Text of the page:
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District Court Vacancies Increase After Filibuster Reform

Three months after Senate Democrats reformed the filibuster rules for executive and judicial nominees, Senate obstruction continues in new forms while courts and litigants continue to pay the price.

February 21, 2014

Despite a change to the Senate fili­buster rule three months ago, the number of district court vacan­cies increased from 75 to 80 — reach­ing the highest vacancy level since March 2011, accord­ing to an updated analysis released by the Bren­nan Center for Justice at NYU School of Law. The Senate elim­in­ated the 60-vote cloture require­ment on exec­ut­ive and judi­cial nomin­ees (except for Supreme Court Justices) in Novem­ber 2013.

The current level of trial court vacan­cies is substan­tially higher than what exis­ted at the equi­val­ent point in Pres­id­ent Clin­ton’s second term (60) or Pres­id­ent Bush’s second term (35). Indeed, prior to Obama taking office, the last time trial courts exper­i­enced 80 or more vacan­cies was in 1994, which saw high numbers of vacan­cies due to the creation of 74 new trial court judge­ships in 1990.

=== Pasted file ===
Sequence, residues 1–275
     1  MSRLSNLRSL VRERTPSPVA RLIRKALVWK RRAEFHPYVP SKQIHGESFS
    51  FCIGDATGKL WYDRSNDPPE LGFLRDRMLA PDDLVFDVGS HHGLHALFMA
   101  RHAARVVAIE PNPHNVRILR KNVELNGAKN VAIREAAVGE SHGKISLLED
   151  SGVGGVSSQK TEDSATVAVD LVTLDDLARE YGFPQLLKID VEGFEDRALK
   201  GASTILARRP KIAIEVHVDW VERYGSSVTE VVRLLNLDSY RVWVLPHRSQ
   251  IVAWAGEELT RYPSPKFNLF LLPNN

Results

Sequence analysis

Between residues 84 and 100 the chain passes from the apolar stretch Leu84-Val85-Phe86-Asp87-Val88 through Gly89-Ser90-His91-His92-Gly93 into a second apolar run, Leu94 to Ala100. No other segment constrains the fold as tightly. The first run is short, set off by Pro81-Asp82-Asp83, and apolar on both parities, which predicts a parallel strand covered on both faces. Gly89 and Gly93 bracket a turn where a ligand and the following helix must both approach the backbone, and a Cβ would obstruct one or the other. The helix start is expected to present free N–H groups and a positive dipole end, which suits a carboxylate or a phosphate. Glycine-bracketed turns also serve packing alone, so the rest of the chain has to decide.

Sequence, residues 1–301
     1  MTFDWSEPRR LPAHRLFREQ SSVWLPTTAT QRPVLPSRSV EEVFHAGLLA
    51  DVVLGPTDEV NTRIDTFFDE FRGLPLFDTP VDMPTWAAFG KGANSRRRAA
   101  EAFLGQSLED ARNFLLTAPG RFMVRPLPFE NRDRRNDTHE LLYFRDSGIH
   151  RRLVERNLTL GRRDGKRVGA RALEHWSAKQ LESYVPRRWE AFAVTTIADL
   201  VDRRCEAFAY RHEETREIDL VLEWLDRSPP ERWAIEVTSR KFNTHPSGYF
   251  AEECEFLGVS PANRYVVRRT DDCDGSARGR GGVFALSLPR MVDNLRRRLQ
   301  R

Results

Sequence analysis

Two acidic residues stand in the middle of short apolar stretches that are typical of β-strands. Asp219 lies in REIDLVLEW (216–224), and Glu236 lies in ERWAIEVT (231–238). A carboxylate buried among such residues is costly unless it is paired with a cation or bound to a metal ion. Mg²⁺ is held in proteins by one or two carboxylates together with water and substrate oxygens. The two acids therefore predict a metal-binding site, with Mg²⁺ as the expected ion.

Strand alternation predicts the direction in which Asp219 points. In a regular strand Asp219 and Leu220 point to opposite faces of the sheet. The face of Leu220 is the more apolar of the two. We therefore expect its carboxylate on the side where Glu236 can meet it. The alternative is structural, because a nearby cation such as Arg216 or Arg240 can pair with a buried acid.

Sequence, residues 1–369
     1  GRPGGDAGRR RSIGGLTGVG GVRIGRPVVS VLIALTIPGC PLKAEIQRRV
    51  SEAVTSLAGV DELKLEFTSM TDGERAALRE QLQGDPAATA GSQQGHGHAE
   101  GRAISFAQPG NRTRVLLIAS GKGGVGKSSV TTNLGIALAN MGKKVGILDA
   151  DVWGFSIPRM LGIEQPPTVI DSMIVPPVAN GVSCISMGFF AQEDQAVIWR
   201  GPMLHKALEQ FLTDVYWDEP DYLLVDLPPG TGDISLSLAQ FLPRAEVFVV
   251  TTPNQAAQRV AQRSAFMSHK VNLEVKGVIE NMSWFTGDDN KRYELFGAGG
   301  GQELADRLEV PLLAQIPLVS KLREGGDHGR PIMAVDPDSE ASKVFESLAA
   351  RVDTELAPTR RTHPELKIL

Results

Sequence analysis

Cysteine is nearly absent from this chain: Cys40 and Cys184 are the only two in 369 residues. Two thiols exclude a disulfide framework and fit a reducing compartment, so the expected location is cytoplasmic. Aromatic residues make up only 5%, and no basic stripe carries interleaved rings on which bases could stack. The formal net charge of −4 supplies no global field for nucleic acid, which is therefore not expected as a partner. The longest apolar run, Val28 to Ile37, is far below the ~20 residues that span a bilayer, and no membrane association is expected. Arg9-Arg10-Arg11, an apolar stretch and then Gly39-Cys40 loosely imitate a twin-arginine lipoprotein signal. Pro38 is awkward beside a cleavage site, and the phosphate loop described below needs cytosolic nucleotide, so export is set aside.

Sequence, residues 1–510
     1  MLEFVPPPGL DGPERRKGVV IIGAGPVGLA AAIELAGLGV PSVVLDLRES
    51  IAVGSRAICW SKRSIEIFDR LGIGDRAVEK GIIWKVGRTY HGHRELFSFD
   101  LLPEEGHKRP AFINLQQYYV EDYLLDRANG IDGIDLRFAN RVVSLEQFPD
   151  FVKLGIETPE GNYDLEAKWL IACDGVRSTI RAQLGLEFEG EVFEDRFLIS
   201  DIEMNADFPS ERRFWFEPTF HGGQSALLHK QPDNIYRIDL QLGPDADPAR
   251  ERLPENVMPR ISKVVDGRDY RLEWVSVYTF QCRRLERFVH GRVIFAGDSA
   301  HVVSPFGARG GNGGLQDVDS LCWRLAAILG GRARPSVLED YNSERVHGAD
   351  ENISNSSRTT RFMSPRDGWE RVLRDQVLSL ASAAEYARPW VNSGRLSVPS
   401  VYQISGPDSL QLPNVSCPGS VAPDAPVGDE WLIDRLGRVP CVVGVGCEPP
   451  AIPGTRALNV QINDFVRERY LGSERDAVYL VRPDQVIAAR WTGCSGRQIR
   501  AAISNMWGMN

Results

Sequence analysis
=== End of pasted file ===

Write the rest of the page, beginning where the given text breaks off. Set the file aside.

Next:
Annual Aver­age District Court Vacan­cies 2003–2014

With 80 current outstand­ing district court vacan­cies and 10 more expec­ted before the summer, the Senate needs to dramat­ic­ally increase the pace of confirm­a­tions in order to make a mean­ing­ful dent in the vacancy back­log,” said Alicia Bannon, Coun­sel at the Bren­nan Center for Justice. “The Senate should quit stalling and confirm judi­cial nomin­ees now. The trial courts can no longer wait.”

The Bren­nan Center docu­mented an unusu­ally high level of district court vacan­cies in a 2013 report, Federal Judi­cial Vacan­cies: The Trial Courts, find­ing the aver­age number of district court vacan­cies to be greater than 60 for five straight years, from 2009–2013. That trend contin­ues into 2014 with an aver­age vacancy level of 78 since Janu­ary.

  • See the Trial Court Vacan­cies anaylsis here.
  • Learn more about judi­cial nomin­a­tions here.